v. flut·tered, flut·ter·ing, flut·ters
1. To wave or flap rapidly in an irregular manner: curtains that fluttered in the breeze.
a. To fly by a quick light flapping of the wings.
b. To flap the wings without flying.
3. To move or fall in a manner suggestive of tremulous flight: "Her arms rose, fell, and fluttered with the rhythm of the song" (Evelyn Waugh).
4. To vibrate or beat rapidly or erratically: My heart fluttered wildly.
5. To move quickly in a nervous, restless, or excited fashion; flit.
To cause to flutter: "fluttering her bristly black lashes as swiftly as butterflies' wings" (Margaret Mitchell).
1. The act of fluttering.
2. A condition of nervous excitement or agitation: Everyone was in a flutter over the news that the director was resigning.
3. A commotion; a stir.
4. Medicine Abnormally rapid pulsation, especially of the atria or ventricles of the heart.
5. Rapid fluctuation in the pitch of a sound reproduction resulting from variations in the speed of the recording or reproducing equipment.
6. Chiefly British A small bet; a gamble: "If they like a flutter, Rick will get them better odds than the bookies" (John le Carré).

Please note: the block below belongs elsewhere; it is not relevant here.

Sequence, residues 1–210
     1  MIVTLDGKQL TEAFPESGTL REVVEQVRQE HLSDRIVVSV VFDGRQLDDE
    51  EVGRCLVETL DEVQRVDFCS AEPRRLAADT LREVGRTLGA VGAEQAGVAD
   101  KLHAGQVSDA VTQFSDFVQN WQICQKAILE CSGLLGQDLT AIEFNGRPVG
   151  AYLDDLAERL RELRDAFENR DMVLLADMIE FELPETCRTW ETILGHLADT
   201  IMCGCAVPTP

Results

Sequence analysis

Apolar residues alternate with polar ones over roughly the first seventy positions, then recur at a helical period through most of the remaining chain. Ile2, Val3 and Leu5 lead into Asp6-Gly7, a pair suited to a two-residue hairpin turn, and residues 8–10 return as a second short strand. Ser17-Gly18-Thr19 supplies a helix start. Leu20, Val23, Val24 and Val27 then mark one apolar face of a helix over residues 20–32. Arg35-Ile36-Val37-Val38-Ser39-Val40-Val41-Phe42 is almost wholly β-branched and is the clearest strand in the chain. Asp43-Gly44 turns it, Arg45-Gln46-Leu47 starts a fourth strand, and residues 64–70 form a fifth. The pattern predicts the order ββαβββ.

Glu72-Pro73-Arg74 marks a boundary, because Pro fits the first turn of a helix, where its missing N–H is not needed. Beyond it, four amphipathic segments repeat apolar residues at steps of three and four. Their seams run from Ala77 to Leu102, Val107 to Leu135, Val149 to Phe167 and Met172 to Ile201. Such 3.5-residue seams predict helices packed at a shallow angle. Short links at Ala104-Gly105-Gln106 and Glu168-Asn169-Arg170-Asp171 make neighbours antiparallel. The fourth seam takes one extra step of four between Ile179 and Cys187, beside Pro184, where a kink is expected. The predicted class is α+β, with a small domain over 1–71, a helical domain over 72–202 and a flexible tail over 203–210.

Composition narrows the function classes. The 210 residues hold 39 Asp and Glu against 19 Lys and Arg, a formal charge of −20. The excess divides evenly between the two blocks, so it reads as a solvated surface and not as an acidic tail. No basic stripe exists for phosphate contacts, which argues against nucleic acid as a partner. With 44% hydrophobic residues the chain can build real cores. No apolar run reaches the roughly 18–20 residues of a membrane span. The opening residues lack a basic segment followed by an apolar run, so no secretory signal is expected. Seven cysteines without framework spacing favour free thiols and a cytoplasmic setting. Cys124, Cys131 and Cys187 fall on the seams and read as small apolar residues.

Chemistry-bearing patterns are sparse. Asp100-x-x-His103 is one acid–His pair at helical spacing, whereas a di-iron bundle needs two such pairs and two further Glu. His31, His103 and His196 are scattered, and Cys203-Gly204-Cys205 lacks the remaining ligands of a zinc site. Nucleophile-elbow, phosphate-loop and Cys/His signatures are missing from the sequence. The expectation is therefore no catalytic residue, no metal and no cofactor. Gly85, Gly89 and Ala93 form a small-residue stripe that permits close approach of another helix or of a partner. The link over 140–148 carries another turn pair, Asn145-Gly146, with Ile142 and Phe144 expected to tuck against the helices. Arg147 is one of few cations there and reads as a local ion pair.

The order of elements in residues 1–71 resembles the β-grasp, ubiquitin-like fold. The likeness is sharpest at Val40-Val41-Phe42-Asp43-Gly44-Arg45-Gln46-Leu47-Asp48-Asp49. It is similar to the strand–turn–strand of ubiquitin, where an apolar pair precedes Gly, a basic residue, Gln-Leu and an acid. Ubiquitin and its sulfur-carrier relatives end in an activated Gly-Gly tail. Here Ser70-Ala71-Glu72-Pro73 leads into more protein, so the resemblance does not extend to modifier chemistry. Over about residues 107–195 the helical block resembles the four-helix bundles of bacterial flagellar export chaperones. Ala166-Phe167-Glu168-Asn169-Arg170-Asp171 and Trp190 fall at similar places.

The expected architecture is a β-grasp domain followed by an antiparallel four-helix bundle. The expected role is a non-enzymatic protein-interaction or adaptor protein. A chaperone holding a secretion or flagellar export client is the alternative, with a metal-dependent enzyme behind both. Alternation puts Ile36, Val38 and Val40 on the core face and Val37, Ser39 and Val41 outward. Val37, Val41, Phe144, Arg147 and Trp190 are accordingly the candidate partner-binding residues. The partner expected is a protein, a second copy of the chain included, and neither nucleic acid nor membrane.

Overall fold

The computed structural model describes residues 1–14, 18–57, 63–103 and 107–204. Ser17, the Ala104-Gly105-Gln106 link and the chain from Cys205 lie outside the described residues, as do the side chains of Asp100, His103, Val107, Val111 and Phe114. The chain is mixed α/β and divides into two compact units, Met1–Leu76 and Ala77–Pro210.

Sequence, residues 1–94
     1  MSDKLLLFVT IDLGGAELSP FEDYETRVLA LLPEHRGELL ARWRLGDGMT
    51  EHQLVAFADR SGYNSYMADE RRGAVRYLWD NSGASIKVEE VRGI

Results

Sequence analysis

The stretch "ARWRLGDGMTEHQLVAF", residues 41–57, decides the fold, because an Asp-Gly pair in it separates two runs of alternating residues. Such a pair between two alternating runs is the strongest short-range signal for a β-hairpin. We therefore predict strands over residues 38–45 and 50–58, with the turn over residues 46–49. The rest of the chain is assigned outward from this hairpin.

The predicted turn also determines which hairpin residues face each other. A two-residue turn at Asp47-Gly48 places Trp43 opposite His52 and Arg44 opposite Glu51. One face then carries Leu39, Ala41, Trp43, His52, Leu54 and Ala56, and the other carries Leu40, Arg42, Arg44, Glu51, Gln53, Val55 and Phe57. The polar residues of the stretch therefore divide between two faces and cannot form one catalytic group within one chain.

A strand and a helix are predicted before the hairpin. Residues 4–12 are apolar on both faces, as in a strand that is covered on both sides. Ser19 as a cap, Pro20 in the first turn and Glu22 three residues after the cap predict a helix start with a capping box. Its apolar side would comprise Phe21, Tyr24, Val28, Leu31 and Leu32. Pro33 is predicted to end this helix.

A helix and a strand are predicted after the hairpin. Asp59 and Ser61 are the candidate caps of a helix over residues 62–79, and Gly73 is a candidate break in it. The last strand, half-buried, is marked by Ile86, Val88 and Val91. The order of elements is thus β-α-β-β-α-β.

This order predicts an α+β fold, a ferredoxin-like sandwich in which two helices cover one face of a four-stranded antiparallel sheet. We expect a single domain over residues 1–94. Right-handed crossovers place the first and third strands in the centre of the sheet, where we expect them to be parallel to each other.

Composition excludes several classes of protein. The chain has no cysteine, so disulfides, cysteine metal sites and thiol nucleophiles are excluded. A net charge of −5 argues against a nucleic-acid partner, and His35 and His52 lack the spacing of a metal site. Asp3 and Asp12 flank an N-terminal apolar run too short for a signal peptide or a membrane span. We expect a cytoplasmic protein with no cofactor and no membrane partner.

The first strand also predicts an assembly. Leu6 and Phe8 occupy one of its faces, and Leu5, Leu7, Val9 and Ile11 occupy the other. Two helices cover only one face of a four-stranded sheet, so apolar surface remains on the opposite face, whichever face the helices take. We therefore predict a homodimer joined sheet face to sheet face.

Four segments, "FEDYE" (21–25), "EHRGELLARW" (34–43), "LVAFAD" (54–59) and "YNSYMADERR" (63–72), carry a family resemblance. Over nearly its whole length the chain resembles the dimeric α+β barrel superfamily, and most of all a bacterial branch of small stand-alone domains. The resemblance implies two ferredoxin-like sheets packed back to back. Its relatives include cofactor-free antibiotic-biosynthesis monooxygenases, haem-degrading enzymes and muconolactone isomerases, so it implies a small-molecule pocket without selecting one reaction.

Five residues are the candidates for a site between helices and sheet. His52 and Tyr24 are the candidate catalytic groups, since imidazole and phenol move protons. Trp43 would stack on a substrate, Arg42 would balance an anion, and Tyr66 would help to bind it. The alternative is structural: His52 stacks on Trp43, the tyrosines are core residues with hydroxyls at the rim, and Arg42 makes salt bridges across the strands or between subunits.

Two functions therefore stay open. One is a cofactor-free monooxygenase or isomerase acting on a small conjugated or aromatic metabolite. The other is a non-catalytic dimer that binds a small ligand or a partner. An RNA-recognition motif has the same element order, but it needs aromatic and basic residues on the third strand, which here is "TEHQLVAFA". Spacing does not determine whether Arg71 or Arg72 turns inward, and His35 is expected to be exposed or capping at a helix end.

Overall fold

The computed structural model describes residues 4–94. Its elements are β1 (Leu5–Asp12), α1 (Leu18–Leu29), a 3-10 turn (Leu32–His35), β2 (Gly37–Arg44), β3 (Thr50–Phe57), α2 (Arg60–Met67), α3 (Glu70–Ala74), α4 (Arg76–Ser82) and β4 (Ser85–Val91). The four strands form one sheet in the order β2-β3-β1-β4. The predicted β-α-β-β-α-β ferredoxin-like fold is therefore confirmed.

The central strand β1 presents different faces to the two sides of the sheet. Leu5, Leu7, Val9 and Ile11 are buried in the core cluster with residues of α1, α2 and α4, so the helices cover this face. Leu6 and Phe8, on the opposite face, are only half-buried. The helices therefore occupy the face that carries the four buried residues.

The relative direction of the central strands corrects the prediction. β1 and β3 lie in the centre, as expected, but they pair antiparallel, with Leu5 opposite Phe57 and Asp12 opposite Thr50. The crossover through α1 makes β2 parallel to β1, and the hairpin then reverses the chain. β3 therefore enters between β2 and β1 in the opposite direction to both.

[Middle English floteren, from Old English floterian; see pleu- in the Appendix of Indo-European roots.]
The American Heritage® Dictionary of the English Language, Fifth Edition copyright ©2018 by Houghton Mifflin Harcourt Publishing Company. All rights reserved.
Indo-European & Semitic Roots Appendices
Thousands of entries in the dictionary include etymologies that trace their origins back to reconstructed proto-languages. You can obtain more information about these forms in our online appendices:
The Indo-European appendix covers nearly half of the Indo-European roots that have left their mark on English words. A more complete treatment of Indo-European roots and the English words derived from them is available in our Dictionary of Indo-European Roots.